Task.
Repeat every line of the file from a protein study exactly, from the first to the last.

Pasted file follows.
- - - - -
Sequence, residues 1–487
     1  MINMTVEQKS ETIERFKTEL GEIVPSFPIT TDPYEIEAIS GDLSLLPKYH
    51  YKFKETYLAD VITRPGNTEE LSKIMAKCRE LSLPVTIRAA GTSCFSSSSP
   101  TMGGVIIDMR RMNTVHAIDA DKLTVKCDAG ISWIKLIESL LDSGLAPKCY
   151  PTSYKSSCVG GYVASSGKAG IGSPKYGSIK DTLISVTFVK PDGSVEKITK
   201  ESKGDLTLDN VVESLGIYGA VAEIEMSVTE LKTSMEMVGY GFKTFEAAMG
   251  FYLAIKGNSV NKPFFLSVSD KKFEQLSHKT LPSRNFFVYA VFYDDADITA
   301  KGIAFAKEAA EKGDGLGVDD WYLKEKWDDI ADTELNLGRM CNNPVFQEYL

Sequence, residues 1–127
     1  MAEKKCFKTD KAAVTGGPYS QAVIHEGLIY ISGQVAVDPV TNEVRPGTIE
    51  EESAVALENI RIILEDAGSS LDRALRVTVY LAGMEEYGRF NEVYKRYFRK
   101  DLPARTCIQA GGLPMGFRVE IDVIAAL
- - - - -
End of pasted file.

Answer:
Sequence, residues 1–487
     1  MINMTVEQKS ETIERFKTEL GEIVPSFPIT TDPYEIEAIS GDLSLLPKYH
    51  YKFKETYLAD VITRPGNTEE LSKIMAKCRE LSLPVTIRAA GTSCFSSSSP
   101  TMGGVIIDMR RMNTVHAIDA DKLTVKCDAG ISWIKLIESL LDSGLAPKCY
   151  PTSYKSSCVG GYVASSGKAG IGSPKYGSIK DTLISVTFVK PDGSVEKITK
   201  ESKGDLTLDN VVESLGIYGA VAEIEMSVTE LKTSMEMVGY GFKTFEAAMG
   251  FYLAIKGNSV NKPFFLSVSD KKFEQLSHKT LPSRNFFVYA VFYDDADITA
   301  KGIAFAKEAA EKGDGLGVDD WYLKEKWDDI ADTELNLGRM CNNPVFQEYL

Sequence, residues 1–127
     1  MAEKKCFKTD KAAVTGGPYS QAVIHEGLIY ISGQVAVDPV TNEVRPGTIE
    51  EESAVALENI RIILEDAGSS LDRALRVTVY LAGMEEYGRF NEVYKRYFRK
   101  DLPARTCIQA GGLPMGFRVE IDVIAAL